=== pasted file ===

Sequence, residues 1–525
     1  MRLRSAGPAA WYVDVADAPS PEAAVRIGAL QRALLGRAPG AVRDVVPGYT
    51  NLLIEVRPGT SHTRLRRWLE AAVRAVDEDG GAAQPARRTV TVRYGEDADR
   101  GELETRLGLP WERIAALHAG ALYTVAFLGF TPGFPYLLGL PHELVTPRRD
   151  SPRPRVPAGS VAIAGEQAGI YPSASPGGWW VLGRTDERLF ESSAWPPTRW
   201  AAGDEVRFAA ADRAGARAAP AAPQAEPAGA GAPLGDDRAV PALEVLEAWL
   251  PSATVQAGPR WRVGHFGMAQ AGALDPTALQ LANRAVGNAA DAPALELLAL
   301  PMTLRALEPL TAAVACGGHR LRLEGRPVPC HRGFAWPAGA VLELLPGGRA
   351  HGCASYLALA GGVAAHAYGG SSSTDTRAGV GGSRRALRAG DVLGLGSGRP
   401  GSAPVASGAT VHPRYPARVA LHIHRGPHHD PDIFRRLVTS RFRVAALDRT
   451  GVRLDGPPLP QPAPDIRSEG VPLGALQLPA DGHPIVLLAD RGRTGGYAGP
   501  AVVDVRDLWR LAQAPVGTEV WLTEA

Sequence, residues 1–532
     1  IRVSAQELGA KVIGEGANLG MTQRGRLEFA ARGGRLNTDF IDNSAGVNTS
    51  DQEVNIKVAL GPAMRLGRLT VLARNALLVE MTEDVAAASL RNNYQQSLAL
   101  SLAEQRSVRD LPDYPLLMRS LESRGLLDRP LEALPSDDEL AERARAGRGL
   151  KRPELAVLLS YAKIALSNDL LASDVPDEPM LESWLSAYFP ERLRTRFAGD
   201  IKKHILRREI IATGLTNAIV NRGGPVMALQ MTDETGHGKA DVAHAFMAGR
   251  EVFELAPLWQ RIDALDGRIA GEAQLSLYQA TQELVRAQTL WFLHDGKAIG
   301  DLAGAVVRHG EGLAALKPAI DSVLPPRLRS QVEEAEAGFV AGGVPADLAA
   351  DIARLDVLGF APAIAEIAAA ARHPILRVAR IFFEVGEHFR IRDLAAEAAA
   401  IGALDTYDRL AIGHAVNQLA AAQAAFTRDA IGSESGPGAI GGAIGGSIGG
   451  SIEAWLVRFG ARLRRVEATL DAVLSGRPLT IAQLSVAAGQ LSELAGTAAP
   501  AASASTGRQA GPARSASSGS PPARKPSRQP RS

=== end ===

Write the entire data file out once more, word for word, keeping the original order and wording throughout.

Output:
Sequence, residues 1–525
     1  MRLRSAGPAA WYVDVADAPS PEAAVRIGAL QRALLGRAPG AVRDVVPGYT
    51  NLLIEVRPGT SHTRLRRWLE AAVRAVDEDG GAAQPARRTV TVRYGEDADR
   101  GELETRLGLP WERIAALHAG ALYTVAFLGF TPGFPYLLGL PHELVTPRRD
   151  SPRPRVPAGS VAIAGEQAGI YPSASPGGWW VLGRTDERLF ESSAWPPTRW
   201  AAGDEVRFAA ADRAGARAAP AAPQAEPAGA GAPLGDDRAV PALEVLEAWL
   251  PSATVQAGPR WRVGHFGMAQ AGALDPTALQ LANRAVGNAA DAPALELLAL
   301  PMTLRALEPL TAAVACGGHR LRLEGRPVPC HRGFAWPAGA VLELLPGGRA
   351  HGCASYLALA GGVAAHAYGG SSSTDTRAGV GGSRRALRAG DVLGLGSGRP
   401  GSAPVASGAT VHPRYPARVA LHIHRGPHHD PDIFRRLVTS RFRVAALDRT
   451  GVRLDGPPLP QPAPDIRSEG VPLGALQLPA DGHPIVLLAD RGRTGGYAGP
   501  AVVDVRDLWR LAQAPVGTEV WLTEA

Sequence, residues 1–532
     1  IRVSAQELGA KVIGEGANLG MTQRGRLEFA ARGGRLNTDF IDNSAGVNTS
    51  DQEVNIKVAL GPAMRLGRLT VLARNALLVE MTEDVAAASL RNNYQQSLAL
   101  SLAEQRSVRD LPDYPLLMRS LESRGLLDRP LEALPSDDEL AERARAGRGL
   151  KRPELAVLLS YAKIALSNDL LASDVPDEPM LESWLSAYFP ERLRTRFAGD
   201  IKKHILRREI IATGLTNAIV NRGGPVMALQ MTDETGHGKA DVAHAFMAGR
   251  EVFELAPLWQ RIDALDGRIA GEAQLSLYQA TQELVRAQTL WFLHDGKAIG
   301  DLAGAVVRHG EGLAALKPAI DSVLPPRLRS QVEEAEAGFV AGGVPADLAA
   351  DIARLDVLGF APAIAEIAAA ARHPILRVAR IFFEVGEHFR IRDLAAEAAA
   401  IGALDTYDRL AIGHAVNQLA AAQAAFTRDA IGSESGPGAI GGAIGGSIGG
   451  SIEAWLVRFG ARLRRVEATL DAVLSGRPLT IAQLSVAAGQ LSELAGTAAP
   501  AASASTGRQA GPARSASSGS PPARKPSRQP RS